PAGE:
Why finance matters for inclusive growth

by: David Pitt-Watson | on: 08.11.17 | in: Corporate Governance, Patient Capital

Most people would agree that a successful modern economy, particularly one which promotes inclusive growth, requires an effective financial system. But few stop to ask how we might measure efficacy. There may be a better approach, which can create a proper debate about this most vital industry.

Author: David Pitt-Watson Published: 08.11.17 Categories: Corporate Governance, Patient Capital

Why finance matters for inclusive growth

by: David Pitt-Watson | on: 08.11.17 | in: Corporate Governance, Patient Capital
Most people would agree that a successful modern economy, particularly one which promotes inclusive growth, requires an effective financial system. But few stop to ask how we might measure efficacy. There may be a better approach, which can create a proper debate about this most vital industry.

Most people would agree that a successful modern economy, particularly one which promotes inclusive growth, requires an effective financial system.  But few stop to ask how we might measure efficacy. Indeed you will search, almost in vain, amongst the writings of economists to find a single one who begins by defining the purpose of the financial system, leave alone trying to measure how well it serves that purpose. As a result, our debate about what the finance system looks like often ends up either in platitudes, “it should have a good culture”, or in the micro detail which only the practitioners themselves understand.

There may be a better approach, which can create a proper debate about this most vital industry.  We should start by defining the purpose of the finance industry. If we did we might note that it should be able to keep our money safe; to help facilitate transactions; to allow us to share risk. And above all to intermediate, that is “to take money from point A where it is, to point B where it is needed”. That is perhaps the most important role of the finance industry and a vital one if we are to promote growth.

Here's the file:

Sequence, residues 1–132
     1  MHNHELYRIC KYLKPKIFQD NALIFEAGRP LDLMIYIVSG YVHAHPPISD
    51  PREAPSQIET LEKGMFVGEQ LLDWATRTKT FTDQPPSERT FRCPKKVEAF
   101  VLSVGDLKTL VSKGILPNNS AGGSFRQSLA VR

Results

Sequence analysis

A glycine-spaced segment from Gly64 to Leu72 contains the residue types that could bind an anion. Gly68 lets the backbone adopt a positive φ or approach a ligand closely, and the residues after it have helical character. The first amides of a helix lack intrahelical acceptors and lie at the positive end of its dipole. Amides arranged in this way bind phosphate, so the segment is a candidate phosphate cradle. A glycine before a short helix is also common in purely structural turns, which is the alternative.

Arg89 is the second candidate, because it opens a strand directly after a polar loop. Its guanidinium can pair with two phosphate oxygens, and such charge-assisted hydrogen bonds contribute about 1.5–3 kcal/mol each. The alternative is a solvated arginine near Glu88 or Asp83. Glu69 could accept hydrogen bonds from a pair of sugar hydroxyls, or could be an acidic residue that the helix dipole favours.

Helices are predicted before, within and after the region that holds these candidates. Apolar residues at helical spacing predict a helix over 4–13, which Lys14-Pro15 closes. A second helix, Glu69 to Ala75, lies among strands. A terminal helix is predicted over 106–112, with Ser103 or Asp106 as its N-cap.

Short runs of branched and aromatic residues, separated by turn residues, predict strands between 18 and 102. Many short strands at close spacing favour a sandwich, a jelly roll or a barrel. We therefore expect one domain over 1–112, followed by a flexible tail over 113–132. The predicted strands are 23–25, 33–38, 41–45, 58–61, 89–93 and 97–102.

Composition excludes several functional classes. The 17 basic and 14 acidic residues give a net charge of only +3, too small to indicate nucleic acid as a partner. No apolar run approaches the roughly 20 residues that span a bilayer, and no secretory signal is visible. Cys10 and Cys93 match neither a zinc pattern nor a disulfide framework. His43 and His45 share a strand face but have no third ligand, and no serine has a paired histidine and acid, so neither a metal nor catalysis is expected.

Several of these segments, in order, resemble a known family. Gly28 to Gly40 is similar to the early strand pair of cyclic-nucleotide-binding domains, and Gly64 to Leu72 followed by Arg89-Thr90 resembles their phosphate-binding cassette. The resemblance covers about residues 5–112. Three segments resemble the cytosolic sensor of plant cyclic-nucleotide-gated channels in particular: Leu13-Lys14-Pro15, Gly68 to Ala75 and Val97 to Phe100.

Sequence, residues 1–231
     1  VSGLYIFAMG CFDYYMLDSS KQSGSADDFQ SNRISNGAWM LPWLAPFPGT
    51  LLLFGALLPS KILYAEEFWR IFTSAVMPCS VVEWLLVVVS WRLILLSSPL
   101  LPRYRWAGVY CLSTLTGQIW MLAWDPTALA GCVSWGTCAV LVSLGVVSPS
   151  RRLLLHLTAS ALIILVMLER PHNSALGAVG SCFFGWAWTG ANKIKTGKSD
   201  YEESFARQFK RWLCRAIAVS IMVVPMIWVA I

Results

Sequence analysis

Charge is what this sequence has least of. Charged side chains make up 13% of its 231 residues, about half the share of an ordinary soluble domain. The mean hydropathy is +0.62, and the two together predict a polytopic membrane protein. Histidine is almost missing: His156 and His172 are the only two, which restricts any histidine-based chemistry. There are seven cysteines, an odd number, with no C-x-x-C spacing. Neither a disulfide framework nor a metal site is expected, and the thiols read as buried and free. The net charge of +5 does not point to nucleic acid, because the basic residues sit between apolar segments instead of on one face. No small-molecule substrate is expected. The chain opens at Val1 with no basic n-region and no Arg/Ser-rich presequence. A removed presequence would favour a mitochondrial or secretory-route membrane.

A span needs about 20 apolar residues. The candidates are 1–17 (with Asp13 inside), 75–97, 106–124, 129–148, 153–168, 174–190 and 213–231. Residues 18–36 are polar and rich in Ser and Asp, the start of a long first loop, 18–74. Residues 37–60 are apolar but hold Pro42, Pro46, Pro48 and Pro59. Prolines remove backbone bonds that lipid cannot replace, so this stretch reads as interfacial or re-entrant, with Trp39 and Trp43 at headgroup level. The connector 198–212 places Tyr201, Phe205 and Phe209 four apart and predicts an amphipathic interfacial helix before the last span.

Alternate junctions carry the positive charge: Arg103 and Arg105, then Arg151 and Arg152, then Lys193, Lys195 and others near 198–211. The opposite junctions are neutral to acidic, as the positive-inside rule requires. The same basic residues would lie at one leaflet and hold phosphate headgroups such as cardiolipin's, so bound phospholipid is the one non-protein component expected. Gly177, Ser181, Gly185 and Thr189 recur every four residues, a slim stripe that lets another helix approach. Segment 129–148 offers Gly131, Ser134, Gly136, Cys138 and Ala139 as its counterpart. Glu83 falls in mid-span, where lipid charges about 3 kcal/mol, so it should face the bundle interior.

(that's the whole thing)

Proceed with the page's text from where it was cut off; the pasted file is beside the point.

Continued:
So how well does the finance industry perform this function?  One study in the US, has looked at how much it has cost, over 130 years, to take $1 of savings and invest it in the real world. You might expect it would have fallen, after all we have invented phones, computers and the internet. But you would be wrong. Thomas Philippon, the academic who wrote the report, concluded there had been no improvement in productivity measured this way. Yes, there were many more transactions between financial institutions but these had not shown benefit in the outside world. The industry that financed the railroads was as efficient as the one financing the internet! One response to that is to reflect on how dismal this performance is. But another is to note the vast opportunity for improvement.  It is to that that we should be turning their attention.